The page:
Monday, July 19, 2010

Developing Patience with Communal Samsara

Maybe this post won't interest too many people, but I have a little extra time, so I'm going to write it.

The post I wrote this morning about the Treeleaf online community, and the tussle they recently had with one of their members, wasn't one of my better ones. I didn't want to take a firm stand for or against the leaders of Treeleaf, who decided to eject the member in the middle of the tussle, because I really don't know what to think of the situation. It raised a lot of questions for me about online Buddhist practice, and communities - many of which don't have clear answers. So, I wrote the post this morning without a lot of clarity, and failed to make it clear that I wasn't sure what I felt would be the best approach in dealing with challenging behavior in an online setting.

To be honest, what most interests me about the situation is how everyone, including the teachers involved, struggled to work online with the messiness of the various narratives playing out within their community. I saw similar strugglings in my own sangha several years ago, during a major upheaval. And I've seen them at my workplace, in my family, and most everywhere at different times.

Working with communal samsara is tough, sometimes brutal. And even people with great wisdom don't know how to proceed all the time, or maintain the peace. There isn't always clarity available when circumstances arise, and action is called for. You have to do the best with where you are at, and who you are with.

I'm interested in this lack of clarity because I've been experiencing a lot of it in my own life lately. What I have found in my own experience is that not being clear can manifest in many different ways. You can become mousy and subservient, afraid to say or do anything. You can become loud and defensive, feeling like everyone is against you. You can become pious, thinking that if you act the "right way," maybe you will find the way out of the mud. And you might even become nihilistic, saying fuck it to everything because hanging in the murkiness for a long time is just too challenging.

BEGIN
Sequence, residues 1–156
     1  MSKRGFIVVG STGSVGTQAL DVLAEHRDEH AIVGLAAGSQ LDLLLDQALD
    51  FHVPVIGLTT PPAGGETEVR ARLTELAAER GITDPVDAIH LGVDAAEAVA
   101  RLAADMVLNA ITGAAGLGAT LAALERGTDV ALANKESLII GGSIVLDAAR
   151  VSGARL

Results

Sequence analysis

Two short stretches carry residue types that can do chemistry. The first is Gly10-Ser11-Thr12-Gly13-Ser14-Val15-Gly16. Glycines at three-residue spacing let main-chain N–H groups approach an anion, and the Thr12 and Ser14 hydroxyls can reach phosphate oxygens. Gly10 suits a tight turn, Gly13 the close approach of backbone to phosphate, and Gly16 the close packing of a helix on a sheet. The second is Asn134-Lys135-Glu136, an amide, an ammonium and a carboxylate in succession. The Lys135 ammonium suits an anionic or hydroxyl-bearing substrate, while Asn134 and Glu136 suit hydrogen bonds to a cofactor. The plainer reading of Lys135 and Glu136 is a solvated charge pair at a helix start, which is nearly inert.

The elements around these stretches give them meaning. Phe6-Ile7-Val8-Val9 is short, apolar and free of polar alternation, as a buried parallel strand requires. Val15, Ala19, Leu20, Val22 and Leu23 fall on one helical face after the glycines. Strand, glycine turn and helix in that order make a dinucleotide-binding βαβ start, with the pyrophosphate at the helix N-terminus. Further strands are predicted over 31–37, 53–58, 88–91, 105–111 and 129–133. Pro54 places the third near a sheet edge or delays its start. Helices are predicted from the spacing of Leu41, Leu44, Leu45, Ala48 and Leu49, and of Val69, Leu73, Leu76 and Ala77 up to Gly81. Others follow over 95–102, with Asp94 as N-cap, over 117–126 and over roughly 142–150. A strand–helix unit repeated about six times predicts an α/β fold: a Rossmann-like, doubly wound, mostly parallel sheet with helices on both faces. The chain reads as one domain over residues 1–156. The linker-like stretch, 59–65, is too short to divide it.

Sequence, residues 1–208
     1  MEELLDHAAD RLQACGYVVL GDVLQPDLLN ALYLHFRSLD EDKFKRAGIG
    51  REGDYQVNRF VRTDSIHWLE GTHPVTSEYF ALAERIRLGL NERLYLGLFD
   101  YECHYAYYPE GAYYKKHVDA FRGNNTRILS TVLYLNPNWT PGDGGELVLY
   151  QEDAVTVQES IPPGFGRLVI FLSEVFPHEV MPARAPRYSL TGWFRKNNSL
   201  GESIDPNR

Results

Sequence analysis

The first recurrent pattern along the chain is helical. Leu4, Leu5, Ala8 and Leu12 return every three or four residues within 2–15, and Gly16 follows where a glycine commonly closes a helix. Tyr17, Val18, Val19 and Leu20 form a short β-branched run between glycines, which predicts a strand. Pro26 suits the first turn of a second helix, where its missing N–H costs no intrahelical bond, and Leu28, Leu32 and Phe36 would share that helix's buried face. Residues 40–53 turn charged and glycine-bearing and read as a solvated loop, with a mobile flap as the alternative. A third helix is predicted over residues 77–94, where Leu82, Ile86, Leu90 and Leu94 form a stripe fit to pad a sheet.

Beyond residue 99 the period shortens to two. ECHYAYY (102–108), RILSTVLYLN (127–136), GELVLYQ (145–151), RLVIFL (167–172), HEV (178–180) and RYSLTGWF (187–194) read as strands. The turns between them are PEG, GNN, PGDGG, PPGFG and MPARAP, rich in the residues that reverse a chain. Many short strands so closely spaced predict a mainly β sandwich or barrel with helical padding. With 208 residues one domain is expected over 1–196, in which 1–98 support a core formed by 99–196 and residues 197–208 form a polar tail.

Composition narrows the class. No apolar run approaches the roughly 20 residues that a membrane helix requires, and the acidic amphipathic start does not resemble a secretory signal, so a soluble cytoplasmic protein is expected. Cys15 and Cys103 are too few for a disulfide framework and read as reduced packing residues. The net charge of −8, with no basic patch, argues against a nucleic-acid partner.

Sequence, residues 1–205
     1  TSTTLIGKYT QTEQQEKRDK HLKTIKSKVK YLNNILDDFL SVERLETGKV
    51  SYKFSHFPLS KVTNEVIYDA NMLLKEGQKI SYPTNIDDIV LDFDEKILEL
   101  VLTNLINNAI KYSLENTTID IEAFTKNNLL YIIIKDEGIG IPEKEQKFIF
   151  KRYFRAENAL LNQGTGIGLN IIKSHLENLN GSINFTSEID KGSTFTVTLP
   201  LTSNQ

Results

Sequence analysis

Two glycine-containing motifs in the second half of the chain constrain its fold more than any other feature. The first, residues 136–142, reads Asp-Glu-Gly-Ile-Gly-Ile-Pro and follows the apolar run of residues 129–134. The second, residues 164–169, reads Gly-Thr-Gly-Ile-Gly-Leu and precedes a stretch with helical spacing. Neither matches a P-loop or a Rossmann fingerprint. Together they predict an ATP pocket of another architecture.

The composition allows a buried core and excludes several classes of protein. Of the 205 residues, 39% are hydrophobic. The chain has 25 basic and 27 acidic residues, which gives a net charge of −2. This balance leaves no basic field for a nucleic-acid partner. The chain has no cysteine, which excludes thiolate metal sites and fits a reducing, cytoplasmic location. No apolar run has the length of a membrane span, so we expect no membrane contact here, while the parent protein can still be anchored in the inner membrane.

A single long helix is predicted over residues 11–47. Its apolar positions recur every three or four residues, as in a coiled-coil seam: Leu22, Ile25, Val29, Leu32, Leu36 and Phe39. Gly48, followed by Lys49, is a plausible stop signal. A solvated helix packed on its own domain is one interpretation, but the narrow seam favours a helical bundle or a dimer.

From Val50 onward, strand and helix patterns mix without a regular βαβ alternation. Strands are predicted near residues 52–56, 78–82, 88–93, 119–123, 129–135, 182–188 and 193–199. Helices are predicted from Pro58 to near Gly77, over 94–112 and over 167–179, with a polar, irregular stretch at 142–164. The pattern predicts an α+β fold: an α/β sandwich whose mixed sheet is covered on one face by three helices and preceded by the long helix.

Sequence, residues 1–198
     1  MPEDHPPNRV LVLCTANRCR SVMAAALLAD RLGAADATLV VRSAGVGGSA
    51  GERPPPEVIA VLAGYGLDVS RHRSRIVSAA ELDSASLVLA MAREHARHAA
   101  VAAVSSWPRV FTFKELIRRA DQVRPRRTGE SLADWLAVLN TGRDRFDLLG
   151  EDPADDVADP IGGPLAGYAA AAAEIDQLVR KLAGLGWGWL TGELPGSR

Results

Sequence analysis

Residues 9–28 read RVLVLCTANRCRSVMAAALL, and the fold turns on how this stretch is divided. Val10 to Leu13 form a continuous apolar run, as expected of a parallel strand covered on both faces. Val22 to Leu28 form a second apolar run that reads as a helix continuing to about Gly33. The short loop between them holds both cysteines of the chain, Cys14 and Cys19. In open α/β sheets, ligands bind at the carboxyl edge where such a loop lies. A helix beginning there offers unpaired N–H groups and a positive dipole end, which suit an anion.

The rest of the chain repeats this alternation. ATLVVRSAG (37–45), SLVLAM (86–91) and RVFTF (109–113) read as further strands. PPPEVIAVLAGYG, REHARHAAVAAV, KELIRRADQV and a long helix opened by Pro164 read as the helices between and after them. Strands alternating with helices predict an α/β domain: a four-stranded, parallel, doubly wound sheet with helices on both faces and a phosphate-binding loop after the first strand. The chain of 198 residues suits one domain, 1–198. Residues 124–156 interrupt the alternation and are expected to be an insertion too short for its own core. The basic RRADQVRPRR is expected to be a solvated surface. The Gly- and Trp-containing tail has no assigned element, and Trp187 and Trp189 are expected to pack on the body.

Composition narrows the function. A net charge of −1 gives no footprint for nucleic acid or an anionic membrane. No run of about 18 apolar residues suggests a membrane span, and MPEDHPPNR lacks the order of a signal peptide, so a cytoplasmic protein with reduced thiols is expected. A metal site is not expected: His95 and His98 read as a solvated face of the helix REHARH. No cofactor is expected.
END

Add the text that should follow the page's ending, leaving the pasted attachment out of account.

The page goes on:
One of the things I've seen online over the time I have been active on here is that there isn't a lot of tolerance for this kind of muddiness. The various kinds of "acting out" that occur in peoples' writings tend to be responded to with another form of acting out. Not always, but pretty often. People struggle to be kind and generous when others are acting out, myself included, which is why I think it's too much to simply slam Treeleaf and call it a day.

This post feels a little clearer then the last one. Maybe some of you would rather I shut up until I knew what I was talking about.

But that is precisely my point. If there is no place in sangha - online or "brick and mortar" - for struggling, confusion, and messiness, then what's the point? If the teachers must always be beacons of wisdom and excellent action, and the students always good and righteous followers, then why bother having a community at all?


NellaLou said...

Yes if not here then where? (a multi-locale question)

Clarity comes when it comes. And to the degree that it comes given the variables in any given circumstances. If we demand it of ourselves and expect it of others continuously that is highly unrealistic.

I have found there to be quite a lot of tolerance for honest confusion. People can be quite empathetic about that.

But not so much for laziness, disingenuousness and bullshit. All of which are a different kind of un-clarity.

[I thought your post was straightforward and expressed exactly what you are attempting to clarify here]

Anonymous said...